Gone are the days of free-spending, free-wheeling NHL franchises. The dawn of the salary cap era has seen more balanced competition, even-handed star power and yes, parity. Gone also are the days of teams like the New York Rangers spending nearly $70 million to dress lineups that couldn't find their way to the playoffs. Instead we have seen the dawn of a new New York Rangers that can make the playoffs, but essentially accomplishes the same task, for a whopping $20 million less. Last night's game against the Islanders was a great example of how there really are two hockey teams in New York. Last night the better team shone brighter than they had in nearly the last decade of this rivalry.
Every aspect of last night's game speaks a tome about the disparity still around the league. Each team spends around the same with different results. Teams like Buffaslug and Carolina rack up the wins through hard work and comraderie, some win because of solid blue line work like Anaheim and others scrake by on bloated salary lines like the Rangers, a team I love to skewer. Last night the once-surprise Isles, on the heals of a six game losing streak, came out with underdog fire and exposed the weaknesses of poor spending. Granted Jagr clicked another 3 points onto his career total. Granted Brendan Shanahan scored on the Islanders, again. Granted Blair Betts, Marcel (the bad) Hossa stayed off the scoresheet while Lundqvist and his Swiss cheese acrobatics were the Isles saving grace. But the story was really about teamwork.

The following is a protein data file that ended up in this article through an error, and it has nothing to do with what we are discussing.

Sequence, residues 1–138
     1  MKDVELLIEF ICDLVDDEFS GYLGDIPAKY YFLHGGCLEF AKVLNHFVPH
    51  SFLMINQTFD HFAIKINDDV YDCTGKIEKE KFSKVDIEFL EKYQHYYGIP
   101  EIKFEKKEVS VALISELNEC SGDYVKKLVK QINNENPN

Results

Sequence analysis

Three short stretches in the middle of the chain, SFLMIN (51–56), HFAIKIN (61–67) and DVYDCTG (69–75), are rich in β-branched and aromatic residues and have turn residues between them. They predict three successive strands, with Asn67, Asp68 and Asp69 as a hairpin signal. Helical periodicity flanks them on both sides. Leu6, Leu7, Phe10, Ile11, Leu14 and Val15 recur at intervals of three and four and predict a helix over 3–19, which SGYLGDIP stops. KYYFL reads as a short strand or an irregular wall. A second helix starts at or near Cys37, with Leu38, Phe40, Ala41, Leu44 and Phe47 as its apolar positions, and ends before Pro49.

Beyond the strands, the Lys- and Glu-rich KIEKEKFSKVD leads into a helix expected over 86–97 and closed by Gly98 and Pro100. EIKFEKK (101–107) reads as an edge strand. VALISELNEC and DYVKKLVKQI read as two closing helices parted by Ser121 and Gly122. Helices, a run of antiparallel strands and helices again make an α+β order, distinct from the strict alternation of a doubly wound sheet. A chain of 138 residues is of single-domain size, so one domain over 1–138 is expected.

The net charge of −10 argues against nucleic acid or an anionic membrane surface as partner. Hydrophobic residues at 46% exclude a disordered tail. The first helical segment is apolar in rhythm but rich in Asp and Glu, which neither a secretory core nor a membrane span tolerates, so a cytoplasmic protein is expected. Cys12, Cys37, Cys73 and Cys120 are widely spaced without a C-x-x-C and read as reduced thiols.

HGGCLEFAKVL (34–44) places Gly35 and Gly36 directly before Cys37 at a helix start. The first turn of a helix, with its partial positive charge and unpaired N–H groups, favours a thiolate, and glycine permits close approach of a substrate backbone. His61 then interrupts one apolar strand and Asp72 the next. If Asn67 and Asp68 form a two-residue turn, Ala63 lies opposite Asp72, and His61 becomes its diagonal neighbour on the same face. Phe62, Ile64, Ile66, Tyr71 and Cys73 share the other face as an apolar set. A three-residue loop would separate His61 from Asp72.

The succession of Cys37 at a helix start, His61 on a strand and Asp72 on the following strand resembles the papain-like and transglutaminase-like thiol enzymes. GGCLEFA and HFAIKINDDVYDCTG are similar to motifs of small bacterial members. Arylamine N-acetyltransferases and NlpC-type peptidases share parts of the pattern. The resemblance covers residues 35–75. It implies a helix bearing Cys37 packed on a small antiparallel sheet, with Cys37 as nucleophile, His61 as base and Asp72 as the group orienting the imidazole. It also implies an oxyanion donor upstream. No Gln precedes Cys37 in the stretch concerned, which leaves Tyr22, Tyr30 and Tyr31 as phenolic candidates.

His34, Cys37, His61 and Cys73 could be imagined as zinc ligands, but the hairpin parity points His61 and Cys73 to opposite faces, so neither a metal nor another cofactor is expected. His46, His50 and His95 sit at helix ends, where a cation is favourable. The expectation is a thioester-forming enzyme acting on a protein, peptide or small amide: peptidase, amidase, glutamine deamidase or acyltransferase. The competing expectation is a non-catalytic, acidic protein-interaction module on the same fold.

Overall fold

Where does one begin? Is it Miro's ability to slam one in, finally? Or was it Sillinger's scrappy play and quickness on the rebound? Could it be 5 guys with multi-point games? Or simply Shawn Bates' not playing that is acting as a breather for the average fan? I'm not sure. I'm not sure anyone is. Even the players themselves are uncertain as to their good fate versus the Rangers as of late.
After winning 5 in a row against the Rangers (dating back to last season), three games in the Garden in one season, and an unprecedented start to the season series this rivalry has the fire it deserves. "For whatever reason we seem to play really well against the Rangers this year," is what Sillinger had to say last night on the team's blog. "For whatever reason." Interesting choice of words for a team flip-flopping between good and bad, exciting to watch and cringe-inducingly bad, playoff-worthy competitors and median-level hasbeens. We all hope for the better of those choices. Now, only if the Islanders could figure out which of those choices they prefer.